The Israeli government adopted a dual approach of prevention and intimidation to exclude African refugees from the country

Yossi Mekelberg

The Israeli government adopted a dual approach of prevention and intimidation to exclude African refugees from the country. In order to prevent further arrival of refugees, Israel has built a 240 kilometres fence along its border with Egypt, which practically, with some exceptions, stopped refugees from reaching Israel via this route. Worse, the state has embarked on a concerted campaign of intimidating and bribing the asylum seekers to return to their home countries, with sheer disregard for the fate awaiting them on their return. For instance, under Sudanese law anyone who has visited Israel faces long prison terms, and Eritreans would face severe punishment for avoiding military service. Back in September, nine Israeli Supreme Court judges unanimously struck down a government decision, which allowed for the jailing of African migrants for three years without trial, whose only crime was illegally entering the country. The government’s response of tabling amendments to the Prevention of Infiltration Law made a mockery of the Supreme Court’s decision. These amendments would allow for the indefinite confinement of thousands of refugees, asylum seekers and other migrants in the remote desert “open detention centre” of Holot.

Rights versus morals

Every state has the right to protect its borders and determine its immigration policies, and Israel is no exception to the rule. Nevertheless, any country with regard for international law and moral fabric cannot turn its back on people whose life, freedom and well-being are in danger; this too hold true for Israel. Less than a century ago, my parents’ and grandparents’ generation faced one of the most atrocious genocides in history, and those of them who attempted to flee to save their lives and the lives of their families found that the world turned their back on them. Tragically many countries in the world refused them entry and therefore many of them perished.

Those individuals who gave refuge to Jews are still honoured by the state of Israel as The Righteous among Nations. Every person who escapes persecution because of their religion, ethnicity, political opinion or gender, deserves protection. Less than sixty thousand people escaping tyranny are not a source of danger to the State of Israel, however, treating them in a humane and caring way is only fitting for people who experienced themselves extreme suffering at the hands of others. Unfortunately, instead of demonstrating humanity and regard for international law, a very ugly side of Israeli society was exposed by the way it treats the African refugees in their desperate time of need.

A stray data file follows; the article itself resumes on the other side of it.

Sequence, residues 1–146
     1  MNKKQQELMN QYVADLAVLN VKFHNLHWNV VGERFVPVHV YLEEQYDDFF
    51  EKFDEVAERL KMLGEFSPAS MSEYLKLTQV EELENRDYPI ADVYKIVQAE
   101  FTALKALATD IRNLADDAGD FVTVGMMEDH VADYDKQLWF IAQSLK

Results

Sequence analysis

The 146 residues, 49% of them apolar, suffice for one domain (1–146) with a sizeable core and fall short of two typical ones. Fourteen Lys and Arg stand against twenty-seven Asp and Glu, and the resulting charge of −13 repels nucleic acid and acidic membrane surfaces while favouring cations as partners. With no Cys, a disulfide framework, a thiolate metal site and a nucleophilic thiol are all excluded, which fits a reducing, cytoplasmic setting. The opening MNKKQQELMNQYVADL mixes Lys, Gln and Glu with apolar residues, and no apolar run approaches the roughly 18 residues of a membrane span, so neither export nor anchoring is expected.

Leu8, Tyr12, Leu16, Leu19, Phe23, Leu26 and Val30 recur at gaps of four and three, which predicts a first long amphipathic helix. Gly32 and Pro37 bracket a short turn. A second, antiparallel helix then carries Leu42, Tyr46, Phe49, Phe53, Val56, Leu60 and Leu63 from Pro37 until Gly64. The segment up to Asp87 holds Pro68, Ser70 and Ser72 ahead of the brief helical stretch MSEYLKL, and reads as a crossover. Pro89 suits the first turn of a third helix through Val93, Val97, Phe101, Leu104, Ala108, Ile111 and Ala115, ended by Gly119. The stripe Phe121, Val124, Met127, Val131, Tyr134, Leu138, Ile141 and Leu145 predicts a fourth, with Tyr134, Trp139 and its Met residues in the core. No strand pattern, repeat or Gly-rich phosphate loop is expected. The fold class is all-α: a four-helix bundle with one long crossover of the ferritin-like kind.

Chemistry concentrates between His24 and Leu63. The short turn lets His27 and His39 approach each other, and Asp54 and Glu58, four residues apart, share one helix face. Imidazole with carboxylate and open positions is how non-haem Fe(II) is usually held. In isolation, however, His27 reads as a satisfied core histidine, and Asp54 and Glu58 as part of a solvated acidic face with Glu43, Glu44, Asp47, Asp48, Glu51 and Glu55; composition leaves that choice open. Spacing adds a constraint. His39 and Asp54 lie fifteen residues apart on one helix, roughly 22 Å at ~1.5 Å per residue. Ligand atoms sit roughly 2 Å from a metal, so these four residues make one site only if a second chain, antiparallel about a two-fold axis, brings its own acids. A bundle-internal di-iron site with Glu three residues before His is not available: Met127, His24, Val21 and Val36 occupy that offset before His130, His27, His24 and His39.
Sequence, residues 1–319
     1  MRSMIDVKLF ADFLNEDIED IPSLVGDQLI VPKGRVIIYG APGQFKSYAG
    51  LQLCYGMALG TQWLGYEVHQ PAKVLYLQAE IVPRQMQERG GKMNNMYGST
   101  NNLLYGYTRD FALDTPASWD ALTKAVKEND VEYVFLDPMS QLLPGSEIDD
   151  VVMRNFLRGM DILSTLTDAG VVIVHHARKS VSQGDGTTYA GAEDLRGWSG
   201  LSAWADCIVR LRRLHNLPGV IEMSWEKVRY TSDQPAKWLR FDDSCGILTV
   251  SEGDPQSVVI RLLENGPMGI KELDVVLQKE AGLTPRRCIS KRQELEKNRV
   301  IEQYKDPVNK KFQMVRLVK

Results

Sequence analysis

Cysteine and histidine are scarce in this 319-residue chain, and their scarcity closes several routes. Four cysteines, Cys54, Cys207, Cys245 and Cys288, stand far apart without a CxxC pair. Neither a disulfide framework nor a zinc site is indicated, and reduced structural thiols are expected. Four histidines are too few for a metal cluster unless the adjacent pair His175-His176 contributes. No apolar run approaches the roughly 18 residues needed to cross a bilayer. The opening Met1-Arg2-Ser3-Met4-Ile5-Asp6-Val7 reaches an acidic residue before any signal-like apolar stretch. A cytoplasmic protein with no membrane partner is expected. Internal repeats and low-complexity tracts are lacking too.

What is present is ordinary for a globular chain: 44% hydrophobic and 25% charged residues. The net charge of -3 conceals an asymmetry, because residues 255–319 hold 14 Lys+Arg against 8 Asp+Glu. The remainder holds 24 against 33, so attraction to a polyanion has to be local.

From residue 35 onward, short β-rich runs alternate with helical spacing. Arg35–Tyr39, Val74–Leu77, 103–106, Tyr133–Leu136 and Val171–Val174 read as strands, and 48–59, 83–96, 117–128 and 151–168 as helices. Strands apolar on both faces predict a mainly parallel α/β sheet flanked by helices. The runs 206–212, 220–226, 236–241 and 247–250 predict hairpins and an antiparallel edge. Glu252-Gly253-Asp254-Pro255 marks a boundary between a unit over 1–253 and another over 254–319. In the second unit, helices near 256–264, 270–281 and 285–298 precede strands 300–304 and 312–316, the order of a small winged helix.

________________________

Yossi Mekelberg is an Associate Fellow at the Middle East and North Africa Program at the Royal Institute of International Affairs, Chatham House, where he is involved with projects and advisory work on conflict resolution, including Track II negotiations. He is also the Director of the International Relations and Social Sciences Program at Regent’s University in London, where he has taught since 1996. Previously, he was teaching at King’s College London and Tel Aviv University. Mekelberg’s fields of interest are international relations theory, international politics of the Middle East, human rights, and international relations and revolutions. He is a member of the London Committee of Human Rights Watch, serving on the Advocacy and Outreach committee. Mekelberg is a regular contributor to the international media on a wide range of international issues and you can find him on Twitter @YMekelberg.

Disclaimer: Views expressed by writers in this section are their own and do not reflect Al Arabiya English's point-of-view.